It's kind of funny how our top three-point shooters are the ones that are struggling whereas the ones' whose career averages are slightly below the league average (for this year) are the ones leading this team in that category. Disregarding Mirza Teletovic, who really needs to find his touch quick if he wants to get any minutes, our expected three-point shooting percentage should be much higher than it currently. It's early in the season and in the long run should more towards equilibrium and the expected values. When that happens, the Nets should be come out a much better offensive team.

Based on the age of their players and the general concern for health, its expected that the Nets didn't, and will not, play at a fast pace. Williams said before that they had intended to run but so far they haven't and I do not see that changing anytime soon.

When you look at the numbers, they back up that logic. The Nets have the tenth least number of possessions per 48 minutes (Pace as defined by NBA Stats) with 95.7 a game. But when matched with other teams, they cannot keep up. In their seven losses, five of them played at a faster pace. Only the Indiana Pacers and Sacremento Kings played at a slower pace, but one of them is the top team in the league. 

The Nets not only play at a slow pace, they fail to create many fast break opportunities. The Brooklyn Nets rank dead last in "Fast Break Points" per game at just 9.4. The league leaders, the Phoenix Suns, average 23.4 points off of fast breaks per game.

Just because the Nets play at a slow pace and they have a bad record does not mean they necessarily directly correlate. It's just that when playing at a slower pace, the penalty for turning the ball over increases and the need for efficiency increases. 

Free Throw %
Free throws have killed the Brooklyn Nets game in and game out. It's clear to whoever watches the game. For the season, the team is shooting just 75.6% from the charity stripe, which is slightly above the league average at 75%. 

With the Nets, its not a matter of attempting free throws, its more about converting those attempts. The Brooklyn Nets actually are sixth in the NBA in FTA rate (The amount of free throws a player or team shoots in comparison to the amount of shots that player or team shoots). Essentially, this stat shows who is good at drawing fouls and getting the line. The Nets are one of the best in the league during these past ten games. The only problem is converting on these opportunities. Once they fix this problem, they could be scoring at least a point a game more. At 27.9 free throw attempts per game, the team has plenty of opportunities to capitalize on.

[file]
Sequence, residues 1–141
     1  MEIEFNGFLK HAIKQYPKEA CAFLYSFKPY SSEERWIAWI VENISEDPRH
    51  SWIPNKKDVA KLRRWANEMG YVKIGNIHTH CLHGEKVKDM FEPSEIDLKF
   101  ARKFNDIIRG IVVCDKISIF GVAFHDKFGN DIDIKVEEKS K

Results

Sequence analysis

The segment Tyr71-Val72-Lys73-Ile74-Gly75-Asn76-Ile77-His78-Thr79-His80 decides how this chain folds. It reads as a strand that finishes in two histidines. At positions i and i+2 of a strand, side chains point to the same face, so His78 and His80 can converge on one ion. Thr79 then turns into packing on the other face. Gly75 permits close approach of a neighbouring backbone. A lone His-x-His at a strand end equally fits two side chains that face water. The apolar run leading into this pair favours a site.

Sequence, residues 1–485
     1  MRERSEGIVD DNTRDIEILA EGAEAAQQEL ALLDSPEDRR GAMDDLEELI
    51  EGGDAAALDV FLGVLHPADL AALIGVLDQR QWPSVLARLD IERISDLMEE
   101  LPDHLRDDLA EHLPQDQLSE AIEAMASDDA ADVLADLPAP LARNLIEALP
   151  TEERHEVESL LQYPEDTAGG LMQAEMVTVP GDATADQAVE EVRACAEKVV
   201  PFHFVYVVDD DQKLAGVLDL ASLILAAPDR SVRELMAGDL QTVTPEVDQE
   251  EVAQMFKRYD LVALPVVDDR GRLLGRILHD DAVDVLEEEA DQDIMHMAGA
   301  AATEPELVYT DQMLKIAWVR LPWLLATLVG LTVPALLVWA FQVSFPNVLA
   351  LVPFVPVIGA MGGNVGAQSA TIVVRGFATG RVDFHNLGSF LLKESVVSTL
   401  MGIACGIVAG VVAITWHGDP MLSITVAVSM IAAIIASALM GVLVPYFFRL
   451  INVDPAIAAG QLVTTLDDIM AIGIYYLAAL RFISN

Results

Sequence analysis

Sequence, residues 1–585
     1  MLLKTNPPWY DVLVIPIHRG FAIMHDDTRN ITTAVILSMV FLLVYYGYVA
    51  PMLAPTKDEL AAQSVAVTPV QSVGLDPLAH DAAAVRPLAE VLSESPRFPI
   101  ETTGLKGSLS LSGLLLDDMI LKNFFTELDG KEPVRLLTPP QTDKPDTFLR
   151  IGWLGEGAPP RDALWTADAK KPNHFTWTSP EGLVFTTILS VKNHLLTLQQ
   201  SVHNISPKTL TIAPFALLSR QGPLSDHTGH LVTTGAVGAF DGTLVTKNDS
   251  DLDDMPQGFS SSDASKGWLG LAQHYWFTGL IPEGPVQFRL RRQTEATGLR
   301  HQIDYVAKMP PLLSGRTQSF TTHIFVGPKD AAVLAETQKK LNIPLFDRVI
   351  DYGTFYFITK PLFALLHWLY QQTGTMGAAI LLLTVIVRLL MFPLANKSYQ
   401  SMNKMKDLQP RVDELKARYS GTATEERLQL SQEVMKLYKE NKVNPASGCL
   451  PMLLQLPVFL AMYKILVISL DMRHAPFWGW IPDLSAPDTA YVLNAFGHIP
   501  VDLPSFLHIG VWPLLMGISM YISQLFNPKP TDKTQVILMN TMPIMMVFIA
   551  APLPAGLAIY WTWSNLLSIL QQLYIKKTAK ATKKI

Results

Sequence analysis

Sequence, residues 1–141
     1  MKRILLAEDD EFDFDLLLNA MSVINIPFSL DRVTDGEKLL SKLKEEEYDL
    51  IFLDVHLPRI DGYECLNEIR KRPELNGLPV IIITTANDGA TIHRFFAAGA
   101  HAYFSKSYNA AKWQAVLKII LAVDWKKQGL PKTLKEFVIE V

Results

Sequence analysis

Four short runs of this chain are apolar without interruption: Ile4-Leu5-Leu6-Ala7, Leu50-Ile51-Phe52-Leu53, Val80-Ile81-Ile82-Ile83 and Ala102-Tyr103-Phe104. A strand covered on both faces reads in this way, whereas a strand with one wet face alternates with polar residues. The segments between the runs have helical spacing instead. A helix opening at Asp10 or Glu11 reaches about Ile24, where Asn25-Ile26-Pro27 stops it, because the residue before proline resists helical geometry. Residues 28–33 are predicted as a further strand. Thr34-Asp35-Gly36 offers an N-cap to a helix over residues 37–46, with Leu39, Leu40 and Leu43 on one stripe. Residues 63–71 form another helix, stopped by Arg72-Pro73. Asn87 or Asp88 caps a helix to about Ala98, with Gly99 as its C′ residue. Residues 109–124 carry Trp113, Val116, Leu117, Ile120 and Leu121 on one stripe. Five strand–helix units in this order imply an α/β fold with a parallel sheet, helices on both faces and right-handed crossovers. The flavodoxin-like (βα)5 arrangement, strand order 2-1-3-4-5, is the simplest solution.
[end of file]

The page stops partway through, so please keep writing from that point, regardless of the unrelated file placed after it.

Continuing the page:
Over a third of the Nets' FTA come from Brook Lopez and Paul Pierce, who have both been efficient when it comes to making their free throws. Unfortunately, over 40% of the FTA come from Mason Plumlee, Reggie Evans, Andrei Kirilenko, and Andray Blatche, who combine for a FT% of 57.8%.

percentage of the team's total 
minutes the player was on the floor
+ net points of the team during this time
Miscellaneous Stats
There is a lot more that could be looked into (how each individual player is performing, which lineup is producing the most, are minutes being allocated correctly) but for now, here's just a brief look at other team and individual statistics.

Offensive Rating: 99.4 (21st in the league)
APG: 19.8 (21st in the league)
eFG%: 46.3% (25th in the league)
Offensive RPG: 11.0 (17th in the league)
Turnovers: 14.1 (7th-best in the league)
FG% at home: 45.3%
FG% away: 41.5%

The Brooklyn Nets biggest downfalls offensively have been from beyond the arc and at the free throw lines. As the season progresses, it is expected that both will rise based on player's past performances. In the end, however, its up to both the players to convert on their attempts and the coach to get the players the open looks. With a bunch of new players looking to find their rhythm and a first year coach, its hard to predict what will happen during the rest of the season based on just these first ten games. It's a small sample size, but it explains why the Nets have been explicitly poor on the offensive end.

If you wish to see something specific, mention it in the comments below and, if possible, it will be added either to this piece or the next one.